3’-10’

Furniture zone is incorporated adjacent to the built environment encouraging the use of the edge as a place of gathering and use for outdoor dinning and informal gatherings.

A buffer zone is incorporated to separate the furniture zone from the continuous sidewalk of the system, creating opportunities for green spaces and benches.

A continuous sidewalk becomes the organizing spine of the system creating continuity and definition to the system.

The bicycle lane becos a different system of exploring the site and provide a different mans of exploring the edge.

The bicycle lane provides a different way of exploring the site and provide a different mans of interacting with the edge.

CANAL EDGE

GREEN EDGE

BICYCLE LANE

WATER TREATMENT

BUFFER ZONE

FURNITURE ZONE

15’-20’

A new retaining wall system is incorporated allowing for fluxuations on the water levels as well as preventing erosion of the edge


IMPLEMENTATION OF ELEMENTS BASED ON OPEN SPACE ALONG THE CANAL

EDGE STANDARDS

+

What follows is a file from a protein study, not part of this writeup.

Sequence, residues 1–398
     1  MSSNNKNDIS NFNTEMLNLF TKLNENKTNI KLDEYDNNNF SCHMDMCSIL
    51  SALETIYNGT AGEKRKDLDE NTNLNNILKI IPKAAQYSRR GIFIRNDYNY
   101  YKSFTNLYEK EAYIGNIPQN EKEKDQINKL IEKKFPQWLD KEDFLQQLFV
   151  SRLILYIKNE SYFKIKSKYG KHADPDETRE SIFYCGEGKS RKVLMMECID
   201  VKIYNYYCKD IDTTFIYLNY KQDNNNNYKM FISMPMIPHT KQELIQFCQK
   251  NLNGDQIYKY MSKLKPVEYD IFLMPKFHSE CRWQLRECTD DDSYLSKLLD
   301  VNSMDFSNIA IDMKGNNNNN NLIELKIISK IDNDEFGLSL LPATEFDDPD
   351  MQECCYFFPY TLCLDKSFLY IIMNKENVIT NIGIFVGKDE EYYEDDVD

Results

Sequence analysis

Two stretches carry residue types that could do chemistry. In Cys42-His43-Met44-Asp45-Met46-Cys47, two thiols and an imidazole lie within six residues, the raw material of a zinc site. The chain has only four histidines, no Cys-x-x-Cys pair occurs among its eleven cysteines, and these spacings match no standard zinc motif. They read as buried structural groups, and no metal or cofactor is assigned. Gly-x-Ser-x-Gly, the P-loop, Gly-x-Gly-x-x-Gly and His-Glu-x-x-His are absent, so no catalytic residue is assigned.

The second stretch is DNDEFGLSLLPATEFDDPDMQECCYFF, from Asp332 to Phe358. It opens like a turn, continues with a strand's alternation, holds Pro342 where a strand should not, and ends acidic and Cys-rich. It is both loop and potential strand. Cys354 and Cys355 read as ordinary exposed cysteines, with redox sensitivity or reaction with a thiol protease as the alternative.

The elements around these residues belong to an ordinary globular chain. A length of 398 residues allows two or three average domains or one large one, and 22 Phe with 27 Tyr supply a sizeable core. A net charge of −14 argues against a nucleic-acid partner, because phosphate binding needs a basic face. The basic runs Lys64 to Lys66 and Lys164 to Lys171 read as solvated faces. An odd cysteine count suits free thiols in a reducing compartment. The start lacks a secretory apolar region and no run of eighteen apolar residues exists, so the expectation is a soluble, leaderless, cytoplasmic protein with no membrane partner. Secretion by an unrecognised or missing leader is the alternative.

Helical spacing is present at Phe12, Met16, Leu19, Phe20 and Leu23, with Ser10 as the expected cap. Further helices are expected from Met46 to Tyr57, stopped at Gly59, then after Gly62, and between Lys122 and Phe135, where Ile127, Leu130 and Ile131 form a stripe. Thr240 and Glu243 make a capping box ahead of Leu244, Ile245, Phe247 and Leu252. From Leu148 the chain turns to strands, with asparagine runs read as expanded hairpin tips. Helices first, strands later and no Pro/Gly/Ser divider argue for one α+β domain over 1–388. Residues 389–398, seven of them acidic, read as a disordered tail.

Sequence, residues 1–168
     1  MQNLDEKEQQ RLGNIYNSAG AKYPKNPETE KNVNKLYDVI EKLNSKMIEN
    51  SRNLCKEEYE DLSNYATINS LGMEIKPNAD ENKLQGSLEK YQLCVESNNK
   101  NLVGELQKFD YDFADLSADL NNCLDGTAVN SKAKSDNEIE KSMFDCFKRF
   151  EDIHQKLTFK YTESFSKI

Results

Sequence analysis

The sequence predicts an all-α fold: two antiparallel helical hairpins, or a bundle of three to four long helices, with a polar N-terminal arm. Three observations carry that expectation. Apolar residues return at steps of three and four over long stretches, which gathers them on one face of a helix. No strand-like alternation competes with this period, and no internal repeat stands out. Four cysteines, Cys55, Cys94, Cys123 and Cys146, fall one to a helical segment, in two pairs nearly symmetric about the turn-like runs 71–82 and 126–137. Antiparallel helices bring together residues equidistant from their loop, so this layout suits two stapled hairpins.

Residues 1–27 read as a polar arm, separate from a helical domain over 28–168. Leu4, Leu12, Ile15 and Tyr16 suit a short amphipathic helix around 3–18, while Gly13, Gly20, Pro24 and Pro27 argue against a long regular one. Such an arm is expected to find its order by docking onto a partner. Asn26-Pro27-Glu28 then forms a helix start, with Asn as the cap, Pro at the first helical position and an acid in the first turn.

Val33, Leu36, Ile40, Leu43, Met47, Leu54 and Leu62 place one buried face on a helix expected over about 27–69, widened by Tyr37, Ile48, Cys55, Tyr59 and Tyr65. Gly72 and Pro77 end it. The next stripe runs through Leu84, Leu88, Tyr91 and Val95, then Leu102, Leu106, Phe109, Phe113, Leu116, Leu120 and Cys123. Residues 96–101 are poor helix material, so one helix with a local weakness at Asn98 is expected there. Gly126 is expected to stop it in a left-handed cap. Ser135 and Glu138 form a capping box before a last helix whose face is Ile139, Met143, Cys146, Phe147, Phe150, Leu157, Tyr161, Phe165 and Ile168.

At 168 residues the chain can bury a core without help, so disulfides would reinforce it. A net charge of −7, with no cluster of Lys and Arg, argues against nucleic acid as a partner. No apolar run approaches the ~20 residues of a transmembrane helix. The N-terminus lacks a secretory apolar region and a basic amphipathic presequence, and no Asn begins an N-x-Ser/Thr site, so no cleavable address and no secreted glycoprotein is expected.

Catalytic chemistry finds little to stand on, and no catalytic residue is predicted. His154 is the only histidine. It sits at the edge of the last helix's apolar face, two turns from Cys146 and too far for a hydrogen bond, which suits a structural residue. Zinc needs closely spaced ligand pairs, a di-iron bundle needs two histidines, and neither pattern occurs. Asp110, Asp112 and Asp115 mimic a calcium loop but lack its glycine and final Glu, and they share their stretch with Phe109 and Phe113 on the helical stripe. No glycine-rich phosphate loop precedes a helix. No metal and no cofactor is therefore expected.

0’- 10’ 10’-20’ 30’- 40’ 40’- 50’ 50’ and beyond

84 85

20’- 30’


3.03

SCHEMATIC DESIGN


EXPLORATION THROUGH MODELS

SCHEMATIC DESIGN

+

86 87


4.0 V


DESIGN SYNTHESIS SINTESIS DEL DISEテ前


DIRECTIONALITY

4.01

DESIGN APPROACH

CHINAMPA PLOTS

CONTEXTUAL MORPHOLOGIES

CHINAMPA REGION

FORCED PERSPECTIVE AND ENCLOSURE CREATED BY ADJACENT ELEMENTS

RESULTING THIRD SPACE FROM THE EXPERIENTIAL RIDE ALONG THE CANALS

BOROUGH OF XOCHIMILCO

VISUAL PERCEPTION ALONG THE CANALS


LOCATION OF PRE-HISPANIC CHINAMPAS

DESIGN APPROACH

+

90 91


OPEN SPACE ALONG THE CANAL


INCORPORATION OF WATER REMEDIATION SYSTEM

DESIGN APPROACH

+

92 93


MARSHLAND

LINEAR DEFRAGMENTATION

LINEAR PARK

WATER MARKET

4.02 MASTER PLAN


WATER REMEDIATION SYSTEM

LINEAR CONTINUITY

parks, new piers, and communal spaces. The design is based on the idea of creating a delineated boundary that is both performative and rigid in nature. By providing this continuous edge the agricultural system will not only be preserved, but also, the new created front will